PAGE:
True awfulness, a state as difficult to achieve with a straight face as greatness without arrogance, is truly something to behold. Behold the Darkness. Granted, there are some who actually enjoy the octave-leaping screech of operatic castrato-metal singer-guitarist Justin Hawkins, whose artistic intentions are evidently balanced perfectly between self-conscious absurdity and rock star snot. In other words, he’s kidding and he’s not kidding, and perceptions of the band are dependent on one’s feelings about that. Why this post-dated glam extravaganza has commercial legs is another mystery entirely.
Part of the same backwash of stylistic revivalism that has given us Andrew W.K., the Music and Jet, the English quartet’s debut album marries a competent bar band doing a passable pastiche of chunky ’70s rhythm guitar rock (think Queen mainly, but also AC/DC, Who, Foreigner, Loverboy et al.) to the most ludicrous vocals this side of W. Axl Rose. Like a mouse on an electrified floor being shocked at regular intervals, Hawkins repeatedly interrupts the ordinary business of generic rock singing to unleash a vibrating falsetto squeal, a self-contained call-and-response amen chorus, that sounds as painful to generate as it is to hear. The paradoxically girly singing that has always hallmarked the macho world of metal has been around since Vanilla Fudge in the ’60s, but no one has pushed it this far before. But then not many have offered up lyrics as righteously dumb as “Can’t explain all the feelings that you’re making me feel” either. In fact, the song that contains that ripe couplet, “I Believe in a Thing Called Love,” is melodically strong and structurally sound, but Hawkins tarts it up like a drag queen, taking it over the top of ridiculousness for reasons of his own.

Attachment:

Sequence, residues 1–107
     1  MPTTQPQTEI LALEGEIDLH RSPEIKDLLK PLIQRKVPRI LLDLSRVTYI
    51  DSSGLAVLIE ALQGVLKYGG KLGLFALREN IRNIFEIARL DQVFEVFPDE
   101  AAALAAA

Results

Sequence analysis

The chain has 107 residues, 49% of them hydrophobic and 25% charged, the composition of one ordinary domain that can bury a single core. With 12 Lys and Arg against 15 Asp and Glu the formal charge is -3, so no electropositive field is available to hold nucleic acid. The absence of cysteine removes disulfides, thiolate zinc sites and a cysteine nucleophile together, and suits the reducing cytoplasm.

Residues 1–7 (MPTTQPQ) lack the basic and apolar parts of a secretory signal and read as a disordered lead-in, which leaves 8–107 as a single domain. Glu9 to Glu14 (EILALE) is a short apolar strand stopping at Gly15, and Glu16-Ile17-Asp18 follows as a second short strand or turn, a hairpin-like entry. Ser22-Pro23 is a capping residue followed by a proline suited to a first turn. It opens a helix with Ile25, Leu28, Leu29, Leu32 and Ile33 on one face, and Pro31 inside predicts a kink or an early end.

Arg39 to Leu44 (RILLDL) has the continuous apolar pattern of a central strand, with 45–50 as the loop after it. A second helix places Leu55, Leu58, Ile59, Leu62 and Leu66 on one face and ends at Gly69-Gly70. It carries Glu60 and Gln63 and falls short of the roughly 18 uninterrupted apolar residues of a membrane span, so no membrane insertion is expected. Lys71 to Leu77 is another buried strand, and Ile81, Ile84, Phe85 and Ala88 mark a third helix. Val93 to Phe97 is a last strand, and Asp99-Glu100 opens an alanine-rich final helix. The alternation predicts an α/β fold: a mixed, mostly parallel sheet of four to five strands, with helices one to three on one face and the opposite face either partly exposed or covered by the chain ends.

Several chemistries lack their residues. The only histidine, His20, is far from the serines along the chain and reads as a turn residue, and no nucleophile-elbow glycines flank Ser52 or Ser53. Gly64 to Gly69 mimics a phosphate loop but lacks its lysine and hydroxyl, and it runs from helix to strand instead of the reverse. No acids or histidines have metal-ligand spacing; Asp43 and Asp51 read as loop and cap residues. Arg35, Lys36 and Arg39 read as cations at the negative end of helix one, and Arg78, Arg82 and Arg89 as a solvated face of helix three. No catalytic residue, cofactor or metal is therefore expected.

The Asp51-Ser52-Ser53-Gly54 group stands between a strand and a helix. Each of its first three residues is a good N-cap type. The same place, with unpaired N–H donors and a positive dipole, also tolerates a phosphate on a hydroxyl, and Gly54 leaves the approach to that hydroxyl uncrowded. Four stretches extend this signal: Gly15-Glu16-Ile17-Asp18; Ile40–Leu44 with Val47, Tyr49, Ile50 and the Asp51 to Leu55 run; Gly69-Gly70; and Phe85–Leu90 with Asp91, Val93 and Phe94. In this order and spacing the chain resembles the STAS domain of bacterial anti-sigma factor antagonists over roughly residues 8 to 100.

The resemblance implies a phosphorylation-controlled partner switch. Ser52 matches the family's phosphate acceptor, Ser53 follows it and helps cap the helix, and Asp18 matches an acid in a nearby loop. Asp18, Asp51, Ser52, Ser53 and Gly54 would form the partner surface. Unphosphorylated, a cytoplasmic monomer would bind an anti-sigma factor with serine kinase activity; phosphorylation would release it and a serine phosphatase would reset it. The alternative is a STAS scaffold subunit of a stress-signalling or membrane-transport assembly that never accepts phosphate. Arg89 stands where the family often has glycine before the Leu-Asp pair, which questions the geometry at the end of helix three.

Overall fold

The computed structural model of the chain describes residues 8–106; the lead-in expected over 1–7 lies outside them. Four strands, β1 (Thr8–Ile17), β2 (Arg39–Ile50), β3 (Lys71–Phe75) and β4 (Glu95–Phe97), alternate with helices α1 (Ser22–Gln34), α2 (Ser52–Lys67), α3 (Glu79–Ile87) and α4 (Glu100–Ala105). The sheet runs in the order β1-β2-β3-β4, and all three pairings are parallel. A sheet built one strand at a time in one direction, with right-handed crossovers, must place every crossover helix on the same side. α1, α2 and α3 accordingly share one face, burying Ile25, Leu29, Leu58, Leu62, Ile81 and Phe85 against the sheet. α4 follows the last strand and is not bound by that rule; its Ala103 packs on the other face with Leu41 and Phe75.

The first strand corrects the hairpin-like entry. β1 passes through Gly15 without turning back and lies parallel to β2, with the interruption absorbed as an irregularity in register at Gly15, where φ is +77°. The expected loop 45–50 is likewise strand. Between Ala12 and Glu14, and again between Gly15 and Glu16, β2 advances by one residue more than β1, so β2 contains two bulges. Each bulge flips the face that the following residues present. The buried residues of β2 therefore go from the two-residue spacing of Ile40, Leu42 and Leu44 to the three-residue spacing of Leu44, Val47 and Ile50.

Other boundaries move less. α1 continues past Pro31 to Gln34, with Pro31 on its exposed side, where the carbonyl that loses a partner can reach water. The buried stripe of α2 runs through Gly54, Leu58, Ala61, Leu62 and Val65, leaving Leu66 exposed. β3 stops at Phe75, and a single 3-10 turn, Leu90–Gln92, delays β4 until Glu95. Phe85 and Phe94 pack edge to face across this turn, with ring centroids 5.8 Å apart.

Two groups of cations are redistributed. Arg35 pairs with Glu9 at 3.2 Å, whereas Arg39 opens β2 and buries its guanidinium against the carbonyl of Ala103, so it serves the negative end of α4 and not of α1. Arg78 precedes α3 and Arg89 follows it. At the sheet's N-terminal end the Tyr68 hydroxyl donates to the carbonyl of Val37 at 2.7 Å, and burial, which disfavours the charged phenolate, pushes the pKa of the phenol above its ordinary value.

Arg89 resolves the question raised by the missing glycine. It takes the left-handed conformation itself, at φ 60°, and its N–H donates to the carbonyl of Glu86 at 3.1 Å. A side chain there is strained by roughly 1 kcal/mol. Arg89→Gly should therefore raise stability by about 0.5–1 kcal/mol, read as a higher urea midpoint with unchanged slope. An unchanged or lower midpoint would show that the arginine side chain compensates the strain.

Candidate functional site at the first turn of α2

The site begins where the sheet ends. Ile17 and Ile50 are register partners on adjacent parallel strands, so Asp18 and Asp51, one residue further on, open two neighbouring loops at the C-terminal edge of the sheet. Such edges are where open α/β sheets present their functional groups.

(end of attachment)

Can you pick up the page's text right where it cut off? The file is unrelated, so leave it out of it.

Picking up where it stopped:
The amusingly titled second album makes it clear that the Darkness doesn’t take itself seriously at all. Roy Thomas Baker, the producer who created Queen’s multi-tracked onslaught back in the ’70s, is on hand to reinforce the comparisons, building Dan Hawkins’ guitar into a passable impression of Brian May’s stringed choir. Again armed with a couple of dead catchy rock arias (“Hazel Eyes,” “Girlfriend” and the title track), the band (containing a new bassist, Richie Edwards) plunges deep into goofiness, wearing a big, proud smile. Despite the dumbshit leer it promises, “Knockers” is, in fact, humble and a bit clever (“Oh crumbs, I’m all thumbs / Lying here with you / You’re beautiful and busty / But I’m a little rusty”), while “Bald” addresses male anxiety (“His hair, at an alarming pace / Running away from his face”) with the overstated disdain of a fellow sufferer fearing his own shortcomings. “English Country Garden,” however, makes dumb agrarian puns of the words “cock” and “forking,” and lacks the same ironic charm.